How Do Bars and Restaurants Get Rights to Play Radio, TV, Audio and Video on Their Premises?
The article, “Don’t Ruin a Perfect Evening: Get the Appropriate Licenses for Radio and TV in Restaurants and Bars,” from Landslide, the magazine of the American Bar Association’s Intellectual Property Division:
David D. Oxenford is a partner at Wilkinson Barker Knauer LLP in Washington, D.C., who practices communications, media, and copyright law. He is also the editor and principal writer of the Broadcast Law Blog, www.broadcastlawblog.com.
Rachel S. Wolkowitz is an associate at the same firm, where she focuses on communications, technology, and intellectual property matters.
Music can help set the stage for a great dinner, and the decision about the coffee shop you patronize may depend on the music they play or whether they have live performances from time to time. Your choice of the location for a casual weekend lunch may be influenced by whether a restaurant or bar has the big game on their TV sets. While music and audiovisual content (i.e., DVDs, live television, Internet videos, streaming television and movies, etc.) may influence the choice of your eating or drinking venue or set the mood once you are there, they need to be part of the business and legal compliance plan for food entrepreneurs looking to open the next hot restaurant or bar. In most cases, rights for music and audiovisual content need to be secured, and the failure to do so can cause as much heartburn as a bad meal.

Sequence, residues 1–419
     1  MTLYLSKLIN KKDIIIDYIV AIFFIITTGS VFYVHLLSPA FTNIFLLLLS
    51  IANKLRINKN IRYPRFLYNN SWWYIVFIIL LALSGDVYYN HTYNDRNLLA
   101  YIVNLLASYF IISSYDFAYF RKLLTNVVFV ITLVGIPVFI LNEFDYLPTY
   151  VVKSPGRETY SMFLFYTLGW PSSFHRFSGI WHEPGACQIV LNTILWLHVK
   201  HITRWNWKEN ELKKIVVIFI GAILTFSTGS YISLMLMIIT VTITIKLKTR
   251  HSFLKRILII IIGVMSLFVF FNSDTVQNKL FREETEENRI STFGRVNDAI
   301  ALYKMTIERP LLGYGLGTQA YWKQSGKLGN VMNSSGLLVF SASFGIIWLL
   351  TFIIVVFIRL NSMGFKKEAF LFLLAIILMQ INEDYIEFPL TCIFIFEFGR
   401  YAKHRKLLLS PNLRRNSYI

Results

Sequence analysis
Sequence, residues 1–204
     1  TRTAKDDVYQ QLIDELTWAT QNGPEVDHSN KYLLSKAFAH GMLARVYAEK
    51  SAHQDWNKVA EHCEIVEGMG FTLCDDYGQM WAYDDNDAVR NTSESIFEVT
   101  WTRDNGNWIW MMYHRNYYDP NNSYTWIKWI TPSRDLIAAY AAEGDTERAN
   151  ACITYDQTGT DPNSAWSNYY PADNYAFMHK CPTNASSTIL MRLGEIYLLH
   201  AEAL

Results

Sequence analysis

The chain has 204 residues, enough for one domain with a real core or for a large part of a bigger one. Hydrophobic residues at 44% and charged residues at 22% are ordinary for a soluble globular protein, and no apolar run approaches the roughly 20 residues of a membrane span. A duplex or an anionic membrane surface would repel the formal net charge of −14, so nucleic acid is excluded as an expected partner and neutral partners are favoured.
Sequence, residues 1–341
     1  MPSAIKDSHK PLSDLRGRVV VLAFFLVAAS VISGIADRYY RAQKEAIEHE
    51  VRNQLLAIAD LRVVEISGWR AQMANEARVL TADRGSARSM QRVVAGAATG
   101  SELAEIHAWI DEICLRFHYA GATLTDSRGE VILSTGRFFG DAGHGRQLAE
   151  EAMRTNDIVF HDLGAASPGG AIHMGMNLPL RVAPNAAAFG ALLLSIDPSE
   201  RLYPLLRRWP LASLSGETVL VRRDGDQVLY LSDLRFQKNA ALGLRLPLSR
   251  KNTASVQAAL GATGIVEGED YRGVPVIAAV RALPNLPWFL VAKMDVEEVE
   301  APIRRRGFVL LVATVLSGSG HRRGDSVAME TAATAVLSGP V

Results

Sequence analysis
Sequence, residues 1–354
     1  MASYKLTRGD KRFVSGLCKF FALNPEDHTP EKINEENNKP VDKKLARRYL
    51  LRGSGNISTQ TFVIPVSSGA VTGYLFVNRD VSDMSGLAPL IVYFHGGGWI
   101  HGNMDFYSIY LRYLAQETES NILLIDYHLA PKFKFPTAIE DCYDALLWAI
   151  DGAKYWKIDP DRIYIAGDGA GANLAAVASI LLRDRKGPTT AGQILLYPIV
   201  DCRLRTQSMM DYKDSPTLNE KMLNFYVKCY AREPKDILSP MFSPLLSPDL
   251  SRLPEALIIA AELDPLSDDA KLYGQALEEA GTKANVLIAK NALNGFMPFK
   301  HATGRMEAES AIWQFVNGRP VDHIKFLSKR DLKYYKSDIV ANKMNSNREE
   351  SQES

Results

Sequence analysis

From time to time, the popular press picks up on tales of woe from owners of restaurants who do not take copyright issues into account when opening their business and end up facing a demand from a representative of copyright holders looking for their payments, or worse, a lawsuit when the payments are not forthcoming.1 In 2014, a 55-seat coffee shop in Missouri that featured live music about once a month was surprised when it got hit with calls from songwriter’s organizations asking for nearly $2,000 a year for the rights to perform live music (on top of the monthly fee that the owners already paid to a music service for the music that regularly played in their venue).2 Given that the live music did not contribute to the bottom line—it was reportedly being done as an accommodation to local artists to give them a place to play—rather than pay the fees, the shop pulled the plug on the monthly live music event. Stories like this are common.3